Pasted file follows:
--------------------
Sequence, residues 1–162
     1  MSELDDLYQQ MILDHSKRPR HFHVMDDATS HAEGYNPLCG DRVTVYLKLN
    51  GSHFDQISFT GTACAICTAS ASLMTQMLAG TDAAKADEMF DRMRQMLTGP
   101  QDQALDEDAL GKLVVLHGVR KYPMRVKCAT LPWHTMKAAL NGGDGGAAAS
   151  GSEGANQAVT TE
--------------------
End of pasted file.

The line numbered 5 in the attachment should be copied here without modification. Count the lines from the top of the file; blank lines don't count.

   151  GSEGANQAVT TE